On March 31, 2014, Michelin, Meurer, Schafer, Pasquet, and TCi filed motions to dismiss the SAC. (Mich. Mot. Dismiss, ECF No. 183.); (Meurer Mot. Dismiss, ECF No. 184.); (TCi Mot. Dismiss, ECF No. 185.) Inter City filed its responses on April 21, 2014. (Inter City Mem. Opp'n Mich. Mot. Dismiss, ECF No. 204.); (Inter City Mem. Opp'n Meurer Mot. Dismiss, ECF No. 205.); (Inter City Mem Opp'n TCi Mot. Dismiss, ECF No. 206.) Michelin, Meurer, Schafer, Pasquet, and TCi submitted their replies on May 9, 2014. (Mich. Reply Supp. Mot. Dismiss, ECF No. 220.); (Meurer Reply Supp. Mot. Dismiss, ECF No. 219.); (TCi Reply Supp. Mot. Dismiss, ECF No. 218.) These matters are now ripe for review.[5]

II. DISCUSSION OF THE LAW

A. Standard of Review

Pursuant to Rule 12(b)(6) of the Federal Rules of Civil Procedure, a party may move to dismiss a cause of action if the opposing party fails to state a claim upon which relief can be granted. Fed.R.Civ.P. 12(b)(6). When presented with a Rule 12(b)(6) motion to dismiss, the court must restrict its inquiry to the sufficiency of the complaint rather than "resolve contests surrounding the facts, the merits of a claim, or the applicability of defenses." Republican Party of North Carolina v. Martin , 980 F.2d 943, 952 (4th Cir. 1992). In order to survive a Rule 12(b)(6) motion, "a complaint must contain sufficient factual matter, accepted as true, to state a claim to relief that is plausible on its face.'" Ashcroft v. Iqbal , 556 U.S. 662, 678 (2009) (quoting Bell Atl. Corp. v. Twombly , 550 U.S. 544, 570 (2007)). "A claim has facial plausibility when the plaintiff pleads factual content that allows the court to draw the reasonable inference that the defendant is liable for the misconduct alleged." Id . (citing Twombly , 550 U.S. at 556).

B. Michelin's Motion to Dismiss

Michelin moves to dismiss Counts I-II, IV-XIII, and XV-XX on the ground that the counterclaims fail to state a claim for vicarious liability. (Mich. Mem. Supp. Mot. Dismiss 8, ECF No. 183-1.) Michelin argues that the SAC alleges conduct that harms Michelin, and an agent's conduct that harms the principal cannot be the basis for a products liability claim. (Id. 8-9, 14-18, ECF No. 175.) The court finds that the SAC alleges claims for vicarious liability. See, e.g., United States v. Automated Med. Labs., Inc. , 770 F.2d 399, 407 (4th Cir. 1985) (outlining what constitutes "scope of employment"); Armstrong v. Food Lion, Inc. , 639 S.E.2d 50, 52 (S.C. 2006) (outlining the doctrine of respondeat superior under South Carolina law).[6]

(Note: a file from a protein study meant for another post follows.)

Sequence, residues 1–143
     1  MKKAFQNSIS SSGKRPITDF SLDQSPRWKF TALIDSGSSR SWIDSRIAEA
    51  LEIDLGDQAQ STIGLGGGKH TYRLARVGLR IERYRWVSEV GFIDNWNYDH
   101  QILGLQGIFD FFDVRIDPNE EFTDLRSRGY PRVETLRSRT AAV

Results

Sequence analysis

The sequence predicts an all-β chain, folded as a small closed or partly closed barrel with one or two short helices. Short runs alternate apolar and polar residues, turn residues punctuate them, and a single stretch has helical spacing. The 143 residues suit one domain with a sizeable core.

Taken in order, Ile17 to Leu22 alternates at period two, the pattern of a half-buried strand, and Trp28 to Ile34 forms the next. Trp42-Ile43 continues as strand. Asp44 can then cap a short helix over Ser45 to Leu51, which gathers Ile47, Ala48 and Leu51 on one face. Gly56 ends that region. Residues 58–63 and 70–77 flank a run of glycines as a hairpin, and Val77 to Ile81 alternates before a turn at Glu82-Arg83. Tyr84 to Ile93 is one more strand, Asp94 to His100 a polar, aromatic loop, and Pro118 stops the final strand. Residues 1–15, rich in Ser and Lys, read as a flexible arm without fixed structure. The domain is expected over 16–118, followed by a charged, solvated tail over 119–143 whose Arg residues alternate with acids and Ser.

Having found that the SAC alleges claims for vicarious liability, the court finds that Inter City has stated a claim upon which relief can be granted, and Michelin's motion to dismiss is denied as to the following claims: price discrimination in violation of Sections 2(d) and 2(e) of the Robinson-Patman Act, 15 U.S.C. §§ 13(d) and 13(e) (Count I); price discrimination in violation of Section 2(a) of the Robinson-Patman Act, 15 U.S.C. § 13(a) (Count II), see Hoover Color Corp. v. Bayer Corp. , 199 F.3d 160, 163 (4th Cir. 1999); (SAC ¶¶ 183-89, ECF No. 175); violations of SCUTPA (Count IV), see Health Promotion Specialists, LLC v. S.C. Bd. of Dentistry , 743 S.E.2d 808, 816 (S.C. 2013); (SAC ¶¶ 195-206, ECF No. 175.); breach of contract arising out of the Commercial Customer Agreement (Count V), breach of contract arising out of the Passenger Tire Agreement (Count VIII), and breach of contract arising out of the Retread Franchise Agreement (Count XI), see Brache Builders, Inc. v. Coggins , 686 S.E.2d 200, 202 (S.C. Ct. App. 2009); (SAC ¶¶ 207-13, 225-29, 241-245, ECF No. 175.); breach of contract accompanied by a fraudulent act arising out of the Commercial Customer Agreement (Count VII), breach of contract accompanied by a fraudulent act arising out of the Passenger Tire Agreement (Count X), and breach of contract accompanied by a fraudulent act arising out of the Retread Franchise Agreement (Count XIII), see Conner v. City of Forest Acres , 560 S.E.2d 606, 612 (2002); (SAC ¶¶ 219-24, 235-40, 251-56, ECF No. 175.); tortious interference with prospective contractual and or business relations (Count XV), see United Educational Distributors, LLC v. Educational Testing Serv. , 564 S.E.2d 324, 328 (S.C. Ct. App. 2002); (SAC ¶¶ 268-73, ECF No. 175.); and common law fraud and misrepresentation (Count XVI), see Redwend Ltd. P'ship v. Edwards , 581 S.E.2d 496, 503-04 (S.C. Ct. App. 2003); (SAC ¶¶ 274-81, ECF No. 175.).